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and max out my insurance coverage.

Read the small prints, driving in China may be argued as suicide attempt.

One word comes to mind when describing driving in China: brainless

First thing I tell a driver is not to use the horn, it annoys me greatly. Next I ask them to use turning lights. Next is not to switch lanes for no reason.

But on the good side, it is an effort to control overpopulation in a little way.

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The driving in Beijing is a lot more "civilized" that in some other parts of China I've seen. The scariest/worst driving I've experienced in my limited travels was in Hangzhou. Of note were the dented panels on EVERY taxi car I saw there. This was true even for the newer taxi cars (Passats).

I am probably going to get flamed for saying this, but I don't think that driving in BJ is as dangerous as most westerners think. Yes, I agree that it can seem terrifying. And I'll admit that when I first started driving here, I was terrified. However, it got really easy once I learned the driving "culture" and the unwritten rules. And who knows, maybe my driving 水平 has also gone up a few notches too.

The most challenging aspect for me was merging onto a busy road or changing lanes. I had to drop the idea of maintaining a "safety space" around my car. I quickly learned that as long as there is enough room for you to squeeze in other drivers will usually slow down or even get out of the way to let you in. Back home if you were to assume this a lot of times it would lead to getting rear-ended. Somebody else mentioned the relatively low speeds here and that is also definitely a big factor.

Of course, that is not to say that there are no bad drivers here. Private car ownership is a fairly new concept, and as a result there are a lot of new and inexperienced drivers on the roads. This is not helped by the fact that the driving schools here are in general very poor at educating drivers. Their #1 objective is to get the most number of drivers "passing" the driving exam in the shortest amount of time. These inexperienced drivers just tend to drive slowly and are a bit clueless, so they are more of an annoyance really than a real threat. What does upset me are the drivers who show no consideration for others. These types of drivers you would encounter back home too; the difference being that the police there would usually do something about it.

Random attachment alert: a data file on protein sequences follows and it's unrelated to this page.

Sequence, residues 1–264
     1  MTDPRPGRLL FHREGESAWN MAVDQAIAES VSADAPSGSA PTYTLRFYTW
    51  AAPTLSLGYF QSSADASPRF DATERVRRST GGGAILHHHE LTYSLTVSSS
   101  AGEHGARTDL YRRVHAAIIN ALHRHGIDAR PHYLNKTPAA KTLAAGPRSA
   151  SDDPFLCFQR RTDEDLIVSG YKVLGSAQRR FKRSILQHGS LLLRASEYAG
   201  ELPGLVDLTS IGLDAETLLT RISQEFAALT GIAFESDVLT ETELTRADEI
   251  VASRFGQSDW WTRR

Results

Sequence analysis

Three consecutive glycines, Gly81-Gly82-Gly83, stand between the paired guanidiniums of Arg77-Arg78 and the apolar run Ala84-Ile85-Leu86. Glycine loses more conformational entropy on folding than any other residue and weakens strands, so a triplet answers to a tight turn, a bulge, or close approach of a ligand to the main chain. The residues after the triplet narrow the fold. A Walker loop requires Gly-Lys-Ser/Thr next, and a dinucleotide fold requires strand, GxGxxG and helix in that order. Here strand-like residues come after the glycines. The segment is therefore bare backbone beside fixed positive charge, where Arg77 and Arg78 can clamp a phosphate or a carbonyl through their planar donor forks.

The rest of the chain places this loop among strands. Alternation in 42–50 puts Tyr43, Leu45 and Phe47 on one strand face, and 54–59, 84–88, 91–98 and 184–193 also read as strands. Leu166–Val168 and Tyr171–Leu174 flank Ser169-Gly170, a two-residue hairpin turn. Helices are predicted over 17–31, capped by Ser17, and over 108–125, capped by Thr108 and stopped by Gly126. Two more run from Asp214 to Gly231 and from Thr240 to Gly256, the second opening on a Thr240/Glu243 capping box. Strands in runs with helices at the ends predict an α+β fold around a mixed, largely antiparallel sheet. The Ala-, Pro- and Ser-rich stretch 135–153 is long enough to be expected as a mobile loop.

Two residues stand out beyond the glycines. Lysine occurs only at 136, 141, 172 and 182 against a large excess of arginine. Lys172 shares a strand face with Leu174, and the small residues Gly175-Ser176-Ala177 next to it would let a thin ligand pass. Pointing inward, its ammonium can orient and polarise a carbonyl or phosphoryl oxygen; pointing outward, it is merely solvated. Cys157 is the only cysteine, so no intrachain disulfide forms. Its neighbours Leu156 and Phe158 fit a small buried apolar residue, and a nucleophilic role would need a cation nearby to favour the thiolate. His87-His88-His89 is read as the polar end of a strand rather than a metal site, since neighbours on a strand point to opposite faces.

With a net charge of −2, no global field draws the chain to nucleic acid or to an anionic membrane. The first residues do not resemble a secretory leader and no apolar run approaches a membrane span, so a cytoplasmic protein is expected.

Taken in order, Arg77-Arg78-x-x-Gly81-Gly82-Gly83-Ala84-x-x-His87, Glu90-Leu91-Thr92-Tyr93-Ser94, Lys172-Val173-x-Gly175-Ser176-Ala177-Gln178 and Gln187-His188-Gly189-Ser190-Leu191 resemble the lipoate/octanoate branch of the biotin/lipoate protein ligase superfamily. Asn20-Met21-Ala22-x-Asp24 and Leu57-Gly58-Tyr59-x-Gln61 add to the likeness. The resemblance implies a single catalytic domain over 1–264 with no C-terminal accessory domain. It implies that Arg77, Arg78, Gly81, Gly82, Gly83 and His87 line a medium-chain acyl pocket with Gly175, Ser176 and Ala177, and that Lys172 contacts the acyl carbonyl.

I will admit that the driving habits and traffic patterns here do force you to be focused and alert while driving. If you're not, then you're asking for trouble. I'm actually a bit worried about driving the next time I go home. Not because I feel I've become a bad driver, but rather because I've gotten too used to driving over here.

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I wonder if being in Sichuan makes it worse.

This is so true as I thought I had gone from barbaric Germany to civilized Rome when I was in Beijing. Sichuan is a horrible place for driving and it doesn't necessarily have anything to do with the rain or terrain. It has to do with the fact that Sichuan is a place of great "individualism" :twisted:

And here in mianyang the problem is compounded by the fact that no one goes the same speed: you have one guy putting along at 20km/h and a taxi flying at 79km/h and all the others are somewhere in between. Quite fun...and haven't been in an accident yet. I think most of the accidents that I see though are mopeds that get struck by cars...

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" Flameproof " I totally agree about the damned horns. Some of these Chinese drivers might as well hard-wire the horn to the ignition. The horns here get far more use than the brake pads. I'm learning that bad habit too quickly.

"CDN in BJ" I know exactly what you're thinking about as to what happens when you return home. I was thinking the exact same thing. I guess we'll just have to re-adapt.

When i get back to the United States I'll have to unhook the horn. I've already grown accustomed to using it too much. If you blow the horn (like they do here) in the "States"

you'll be getting the middle finger flashed at you and you might even get into a brawl over it.